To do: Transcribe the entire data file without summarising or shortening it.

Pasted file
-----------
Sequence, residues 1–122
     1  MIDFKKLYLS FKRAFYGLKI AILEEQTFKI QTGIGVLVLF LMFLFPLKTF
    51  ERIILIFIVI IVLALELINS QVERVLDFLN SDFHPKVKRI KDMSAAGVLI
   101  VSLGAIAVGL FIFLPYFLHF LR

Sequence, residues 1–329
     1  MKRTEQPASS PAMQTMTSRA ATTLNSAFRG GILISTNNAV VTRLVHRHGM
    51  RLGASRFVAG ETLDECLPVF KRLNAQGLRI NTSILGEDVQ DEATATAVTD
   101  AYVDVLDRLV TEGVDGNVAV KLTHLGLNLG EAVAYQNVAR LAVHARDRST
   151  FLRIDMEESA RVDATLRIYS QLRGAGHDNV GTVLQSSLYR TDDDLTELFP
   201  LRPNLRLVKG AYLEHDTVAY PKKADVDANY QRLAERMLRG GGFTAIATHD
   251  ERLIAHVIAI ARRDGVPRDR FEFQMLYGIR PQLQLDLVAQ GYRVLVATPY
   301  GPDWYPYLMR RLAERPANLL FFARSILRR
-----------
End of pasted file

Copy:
Sequence, residues 1–122
     1  MIDFKKLYLS FKRAFYGLKI AILEEQTFKI QTGIGVLVLF LMFLFPLKTF
    51  ERIILIFIVI IVLALELINS QVERVLDFLN SDFHPKVKRI KDMSAAGVLI
   101  VSLGAIAVGL FIFLPYFLHF LR

Sequence, residues 1–329
     1  MKRTEQPASS PAMQTMTSRA ATTLNSAFRG GILISTNNAV VTRLVHRHGM
    51  RLGASRFVAG ETLDECLPVF KRLNAQGLRI NTSILGEDVQ DEATATAVTD
   101  AYVDVLDRLV TEGVDGNVAV KLTHLGLNLG EAVAYQNVAR LAVHARDRST
   151  FLRIDMEESA RVDATLRIYS QLRGAGHDNV GTVLQSSLYR TDDDLTELFP
   201  LRPNLRLVKG AYLEHDTVAY PKKADVDANY QRLAERMLRG GGFTAIATHD
   251  ERLIAHVIAI ARRDGVPRDR FEFQMLYGIR PQLQLDLVAQ GYRVLVATPY
   301  GPDWYPYLMR RLAERPANLL FFARSILRR